The post Prime Numbers appeared first on The Harry Potter Lexicon.

]]>Three is another prime number which features extensively – the trio of Harry, Ron and Hermione, three Hallows, three types of wand core, three Unforgivable Curses.

Students receive their Hogwarts letter on their eleventh birthday, and the Hogwarts Express leaves at 11 o’clock – another prime number.

Wizards come of age on their 17th birthday, and the Epilogue is set 19 years later – yet more prime numbers.

Could this preponderance of prime numbers be a coincidence? I doubt it.

The post Prime Numbers appeared first on The Harry Potter Lexicon.

]]>Three is another prime number which features extensively – the trio of Harry, Ron and Hermione, three Hallows, three types of wand core, three Unforgivable Curses.

Students receive their Hogwarts letter on their eleventh birthday, and the Hogwarts Express leaves at 11 o’clock – another prime number.

Wizards come of age on their 17th birthday, and the Epilogue is set 19 years later – yet more prime numbers.

Could this preponderance of prime numbers be a coincidence? I doubt it.

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The post Wizard Currency appeared first on The Harry Potter Lexicon.

]]>There are a couple of possibilities. J.K. Rowling has confessed many times that math is not a strength of hers (TLC, JKR). If Muggle math is confusing to her, perhaps she developed this confusing system of wizard currency to illustrate that feeling of being confused by something other people seem to find ‘easy enough.’ However, Jo has also said that keeping the Imperial system in the book was a deliberate decision, even though the editor wanted to change all the weights and measures to metric (Pm), and that was because she found the old Imperial system to be much more picturesque and quirky and therefore more appropriate for the society she was creating. So it’s likely that she was influenced by the old English system of money where there were 12 pennies in a shilling and 20 shillings to a pound.

Still, 12 and 20 are friendlier numbers to work with than 17 and 29, which you’ll probably recognise are both prime numbers. Prime numbers are thought to have mystical properties, making them an appropriate choice for the wizarding currency, and other prime numbers pop up throughout the books too. More on those in a future episode. So perhaps J.K. Rowling is mathematically challenged in some areas, but she’s certainly no stranger to the magical properties of numbers.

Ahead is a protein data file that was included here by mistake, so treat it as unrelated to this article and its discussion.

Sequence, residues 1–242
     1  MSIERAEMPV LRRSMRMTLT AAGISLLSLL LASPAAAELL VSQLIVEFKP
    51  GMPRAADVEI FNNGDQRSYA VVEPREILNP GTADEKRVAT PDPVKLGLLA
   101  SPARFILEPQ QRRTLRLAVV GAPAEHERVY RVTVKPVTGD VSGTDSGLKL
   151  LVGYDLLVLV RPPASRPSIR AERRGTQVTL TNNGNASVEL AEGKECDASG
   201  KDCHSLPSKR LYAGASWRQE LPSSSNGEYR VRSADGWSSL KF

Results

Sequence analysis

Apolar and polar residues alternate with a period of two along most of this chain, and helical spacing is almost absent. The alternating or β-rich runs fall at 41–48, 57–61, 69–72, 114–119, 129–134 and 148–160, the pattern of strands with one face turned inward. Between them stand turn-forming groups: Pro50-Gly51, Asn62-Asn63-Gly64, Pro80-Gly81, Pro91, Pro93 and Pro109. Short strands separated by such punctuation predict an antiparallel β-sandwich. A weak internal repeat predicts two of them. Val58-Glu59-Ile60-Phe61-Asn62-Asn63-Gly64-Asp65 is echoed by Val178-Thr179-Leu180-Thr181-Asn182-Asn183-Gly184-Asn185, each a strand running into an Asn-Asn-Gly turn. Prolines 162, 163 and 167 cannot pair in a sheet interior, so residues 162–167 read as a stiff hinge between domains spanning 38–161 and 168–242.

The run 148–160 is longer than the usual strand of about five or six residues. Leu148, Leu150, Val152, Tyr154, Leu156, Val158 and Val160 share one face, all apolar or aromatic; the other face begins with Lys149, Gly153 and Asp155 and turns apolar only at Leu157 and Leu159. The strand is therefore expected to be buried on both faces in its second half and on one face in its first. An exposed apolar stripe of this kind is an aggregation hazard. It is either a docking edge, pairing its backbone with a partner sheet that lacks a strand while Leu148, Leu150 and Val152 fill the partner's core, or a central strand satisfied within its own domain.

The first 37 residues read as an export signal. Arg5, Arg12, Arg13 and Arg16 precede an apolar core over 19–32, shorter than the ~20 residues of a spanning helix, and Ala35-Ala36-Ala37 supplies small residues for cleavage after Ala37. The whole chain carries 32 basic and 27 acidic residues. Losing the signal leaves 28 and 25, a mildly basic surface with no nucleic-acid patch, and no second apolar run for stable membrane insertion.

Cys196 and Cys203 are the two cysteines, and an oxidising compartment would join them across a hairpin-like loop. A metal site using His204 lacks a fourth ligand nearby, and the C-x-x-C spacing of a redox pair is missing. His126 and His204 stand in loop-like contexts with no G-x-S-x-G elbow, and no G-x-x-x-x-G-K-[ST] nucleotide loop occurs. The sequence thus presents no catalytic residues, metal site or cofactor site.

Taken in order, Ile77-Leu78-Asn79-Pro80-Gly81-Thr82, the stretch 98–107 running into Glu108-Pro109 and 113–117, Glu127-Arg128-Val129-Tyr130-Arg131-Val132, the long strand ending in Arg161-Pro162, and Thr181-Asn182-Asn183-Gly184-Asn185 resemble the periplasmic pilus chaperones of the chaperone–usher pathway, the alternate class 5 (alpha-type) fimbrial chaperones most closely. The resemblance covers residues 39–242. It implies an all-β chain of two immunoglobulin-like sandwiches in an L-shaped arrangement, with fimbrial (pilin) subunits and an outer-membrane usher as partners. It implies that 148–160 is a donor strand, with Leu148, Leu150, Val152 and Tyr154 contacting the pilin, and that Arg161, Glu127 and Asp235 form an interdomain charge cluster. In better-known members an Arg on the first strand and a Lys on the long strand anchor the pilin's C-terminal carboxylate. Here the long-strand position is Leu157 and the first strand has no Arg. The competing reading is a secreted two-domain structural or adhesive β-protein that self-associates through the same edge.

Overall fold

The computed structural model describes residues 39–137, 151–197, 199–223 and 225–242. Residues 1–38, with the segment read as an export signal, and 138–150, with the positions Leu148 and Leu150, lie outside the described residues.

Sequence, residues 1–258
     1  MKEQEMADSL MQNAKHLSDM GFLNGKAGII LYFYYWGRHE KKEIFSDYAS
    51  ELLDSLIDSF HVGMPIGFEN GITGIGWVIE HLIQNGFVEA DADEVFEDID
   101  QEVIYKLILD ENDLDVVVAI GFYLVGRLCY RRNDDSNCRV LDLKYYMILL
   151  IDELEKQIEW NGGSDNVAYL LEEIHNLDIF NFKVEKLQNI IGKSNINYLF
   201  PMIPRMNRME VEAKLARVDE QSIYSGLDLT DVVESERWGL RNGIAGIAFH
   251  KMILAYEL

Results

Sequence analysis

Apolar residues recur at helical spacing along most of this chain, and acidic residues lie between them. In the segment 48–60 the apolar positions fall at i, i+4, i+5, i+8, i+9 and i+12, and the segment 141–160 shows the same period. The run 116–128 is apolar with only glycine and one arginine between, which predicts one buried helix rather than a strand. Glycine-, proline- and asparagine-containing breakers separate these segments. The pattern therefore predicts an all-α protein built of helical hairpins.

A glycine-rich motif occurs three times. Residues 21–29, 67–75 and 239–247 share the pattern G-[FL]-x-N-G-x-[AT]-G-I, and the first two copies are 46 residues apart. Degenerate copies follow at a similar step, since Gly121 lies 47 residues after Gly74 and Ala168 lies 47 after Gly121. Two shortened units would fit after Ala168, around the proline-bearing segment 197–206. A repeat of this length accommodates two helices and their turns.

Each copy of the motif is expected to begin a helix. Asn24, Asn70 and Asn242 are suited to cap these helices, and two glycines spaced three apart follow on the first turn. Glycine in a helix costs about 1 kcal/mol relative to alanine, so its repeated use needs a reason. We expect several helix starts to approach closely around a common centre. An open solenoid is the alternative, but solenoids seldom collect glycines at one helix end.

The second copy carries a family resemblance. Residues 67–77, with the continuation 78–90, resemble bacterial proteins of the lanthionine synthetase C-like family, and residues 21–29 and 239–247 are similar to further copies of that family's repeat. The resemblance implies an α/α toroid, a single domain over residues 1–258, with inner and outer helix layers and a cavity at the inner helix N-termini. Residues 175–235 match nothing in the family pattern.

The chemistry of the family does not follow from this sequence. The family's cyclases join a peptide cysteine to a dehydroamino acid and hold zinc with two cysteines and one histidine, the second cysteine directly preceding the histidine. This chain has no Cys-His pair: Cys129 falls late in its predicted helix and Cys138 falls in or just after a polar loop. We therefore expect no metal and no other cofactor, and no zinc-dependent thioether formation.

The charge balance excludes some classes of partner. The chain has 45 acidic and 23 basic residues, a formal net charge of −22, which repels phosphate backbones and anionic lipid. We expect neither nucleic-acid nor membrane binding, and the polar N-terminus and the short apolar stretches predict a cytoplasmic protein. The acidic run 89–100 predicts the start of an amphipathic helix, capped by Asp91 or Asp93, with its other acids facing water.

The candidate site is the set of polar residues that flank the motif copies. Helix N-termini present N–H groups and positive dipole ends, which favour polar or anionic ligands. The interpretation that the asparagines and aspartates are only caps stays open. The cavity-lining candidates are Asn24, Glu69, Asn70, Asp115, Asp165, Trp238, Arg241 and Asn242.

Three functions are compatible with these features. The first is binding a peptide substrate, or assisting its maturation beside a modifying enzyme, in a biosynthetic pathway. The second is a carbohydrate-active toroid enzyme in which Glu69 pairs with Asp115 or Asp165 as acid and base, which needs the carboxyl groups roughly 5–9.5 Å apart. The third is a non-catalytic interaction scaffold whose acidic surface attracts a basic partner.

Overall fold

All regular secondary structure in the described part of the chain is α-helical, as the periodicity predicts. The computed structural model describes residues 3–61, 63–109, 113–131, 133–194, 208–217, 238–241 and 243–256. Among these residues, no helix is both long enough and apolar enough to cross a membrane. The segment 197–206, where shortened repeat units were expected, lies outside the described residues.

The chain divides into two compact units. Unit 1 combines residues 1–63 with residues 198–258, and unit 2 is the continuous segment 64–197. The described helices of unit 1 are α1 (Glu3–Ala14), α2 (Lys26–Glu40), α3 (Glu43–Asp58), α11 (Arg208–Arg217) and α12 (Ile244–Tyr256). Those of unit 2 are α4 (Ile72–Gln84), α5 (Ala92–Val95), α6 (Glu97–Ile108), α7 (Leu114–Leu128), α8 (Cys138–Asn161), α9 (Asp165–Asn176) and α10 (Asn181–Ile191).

The post Wizard Currency appeared first on The Harry Potter Lexicon.

]]>There are a couple of possibilities. J.K. Rowling has confessed many times that math is not a strength of hers (TLC, JKR). If Muggle math is confusing to her, perhaps she developed this confusing system of wizard currency to illustrate that feeling of being confused by something other people seem to find ‘easy enough.’ However, Jo has also said that keeping the Imperial system in the book was a deliberate decision, even though the editor wanted to change all the weights and measures to metric (Pm), and that was because she found the old Imperial system to be much more picturesque and quirky and therefore more appropriate for the society she was creating. So it’s likely that she was influenced by the old English system of money where there were 12 pennies in a shilling and 20 shillings to a pound.

Still, 12 and 20 are friendlier numbers to work with than 17 and 29, which you’ll probably recognise are both prime numbers. Prime numbers are thought to have mystical properties, making them an appropriate choice for the wizarding currency, and other prime numbers pop up throughout the books too. More on those in a future episode. So perhaps J.K. Rowling is mathematically challenged in some areas, but she’s certainly no stranger to the magical properties of numbers.

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